The decision to allow Heathrow airport to build the new terminal five is just about "money and shops", said the Labour MEP Robert Evans. His words came after Stephen Byers, New Labour's transport secretary, allowed the highly contested terminal five to go ahead "in the national interest". "It will bring benefits to the British economy both locally and nationally," he said.

Black family want answers from the Met


"We want the truth-we want justice," pleaded Rhoda. She is the sister of Ricky Bishop, who died in police custody last Thursday. Rhoda was surrounded by a shocked group of family, friends and supporters who gathered to demand answers outside Brixton police station last Sunday. Ricky Bishop was a healthy 25 year old black man.

Union's shoddy deal over PFI


Leaders of the giant public sector UNISON union hailed a deal they struck with the government over the Private Finance Initiative (PFI) last week. The union claims the deal is a victory which will stop thousands of health workers having their jobs transferred to private companies.

Schools: profit multiplies division


New Labour's Education Bill, published last week, is a privateer's dream. It simultaneously "deregulates" schools, opening the way to further involvement by private companies, and tightens the stranglehold of government bureaucrats over what is taught.

Postal Workers: Shaping up for battle against privatisation


Postal Workers are set for a head-on confrontation with their bosses and the government over privatisation. The Communication Workers Union had been preparing to hold a strike ballot over pay. But it has now switched to the question of putting out to contract sections such as vehicle services, parcel deliveries and cleaning.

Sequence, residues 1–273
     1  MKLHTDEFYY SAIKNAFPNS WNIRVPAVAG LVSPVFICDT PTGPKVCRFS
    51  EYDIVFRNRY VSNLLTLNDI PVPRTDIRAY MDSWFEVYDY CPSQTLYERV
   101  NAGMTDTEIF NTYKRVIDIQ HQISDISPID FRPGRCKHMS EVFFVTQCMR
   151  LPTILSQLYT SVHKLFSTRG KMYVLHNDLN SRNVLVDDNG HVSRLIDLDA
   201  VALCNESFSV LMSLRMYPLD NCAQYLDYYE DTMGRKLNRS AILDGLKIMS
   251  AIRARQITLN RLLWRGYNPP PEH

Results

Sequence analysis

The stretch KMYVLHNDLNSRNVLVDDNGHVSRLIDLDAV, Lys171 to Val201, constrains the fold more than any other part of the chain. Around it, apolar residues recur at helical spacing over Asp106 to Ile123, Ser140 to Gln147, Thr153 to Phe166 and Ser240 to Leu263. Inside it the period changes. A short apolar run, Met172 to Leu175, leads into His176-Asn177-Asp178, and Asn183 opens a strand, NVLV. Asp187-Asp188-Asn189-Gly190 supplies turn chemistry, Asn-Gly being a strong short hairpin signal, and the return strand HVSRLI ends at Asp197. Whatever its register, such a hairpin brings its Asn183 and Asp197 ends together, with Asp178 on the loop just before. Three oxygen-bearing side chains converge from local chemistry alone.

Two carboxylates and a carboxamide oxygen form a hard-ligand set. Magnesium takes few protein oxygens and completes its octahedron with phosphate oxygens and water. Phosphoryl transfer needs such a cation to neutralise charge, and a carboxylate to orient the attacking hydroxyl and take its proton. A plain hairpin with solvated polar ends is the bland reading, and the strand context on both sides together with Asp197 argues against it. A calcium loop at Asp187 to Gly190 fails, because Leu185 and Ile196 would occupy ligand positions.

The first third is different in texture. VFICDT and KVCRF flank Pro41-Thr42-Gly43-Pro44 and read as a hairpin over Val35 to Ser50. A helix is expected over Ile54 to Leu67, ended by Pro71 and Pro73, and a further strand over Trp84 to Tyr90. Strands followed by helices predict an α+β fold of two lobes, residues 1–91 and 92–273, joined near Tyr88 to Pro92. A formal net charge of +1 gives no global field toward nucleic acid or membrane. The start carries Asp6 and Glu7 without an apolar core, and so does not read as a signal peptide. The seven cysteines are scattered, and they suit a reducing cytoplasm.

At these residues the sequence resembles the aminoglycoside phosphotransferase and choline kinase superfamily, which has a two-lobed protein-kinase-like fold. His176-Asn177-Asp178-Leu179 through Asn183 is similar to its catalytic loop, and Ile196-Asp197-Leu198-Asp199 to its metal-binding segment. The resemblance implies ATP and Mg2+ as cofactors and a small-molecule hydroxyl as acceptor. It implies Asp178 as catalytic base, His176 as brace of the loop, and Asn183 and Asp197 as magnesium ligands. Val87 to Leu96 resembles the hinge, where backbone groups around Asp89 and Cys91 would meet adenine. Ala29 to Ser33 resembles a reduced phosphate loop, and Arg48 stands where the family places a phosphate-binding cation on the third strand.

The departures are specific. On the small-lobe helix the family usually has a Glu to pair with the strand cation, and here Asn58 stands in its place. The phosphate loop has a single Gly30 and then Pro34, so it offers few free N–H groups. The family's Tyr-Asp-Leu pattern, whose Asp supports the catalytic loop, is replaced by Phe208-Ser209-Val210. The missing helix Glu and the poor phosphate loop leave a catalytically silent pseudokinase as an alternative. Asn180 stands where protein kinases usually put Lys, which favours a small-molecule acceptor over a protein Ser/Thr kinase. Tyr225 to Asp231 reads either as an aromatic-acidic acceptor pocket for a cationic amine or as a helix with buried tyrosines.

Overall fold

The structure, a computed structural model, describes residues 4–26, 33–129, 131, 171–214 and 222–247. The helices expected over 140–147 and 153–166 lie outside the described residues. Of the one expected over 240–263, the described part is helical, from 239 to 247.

Mark Dolan: Why we won it


A Post Office disciplinary hearing last week found that Mark Dolan, treasurer of the CWU union branch in North/North West London, was innocent of the charges against him. A worker at the NDO office made a complaint against Mark after he had overheard a discussion about the World Trade Centre suicide attacks. Mark had said he was against the loss of life in New York, but that it was a result of US policies.

By-election results


Burnley An important council by-election was due to take place on Thursday of this week in the Rose Hill ward in Burnley, Lancashire. The BNP Nazis were hoping to get a significant vote. They stood candidates in two council by-elections in Burnley last week.

In brief


Bus strikes get results Bus workers in two Stagecoach companies in Hastings and the north east of England have voted to accept improved pay offers. Two days of strike action by workers in Teesside, Hartlepool and Darlington forced Stagecoach management to increase their offer to a flat rate of £6 an hour.

Scottish Power: Pull plug on bosses


Workers at Scottish Power in Scotland, Merseyside and north Manchester are set to take strike action on Tuesday and Wednesday. Scottish Power is one of the world's top ten utility multinationals. It also owns Southern Water and Pacificore in the US. The workers do essential jobs, maintaining and repairing breakdowns in the electricity network.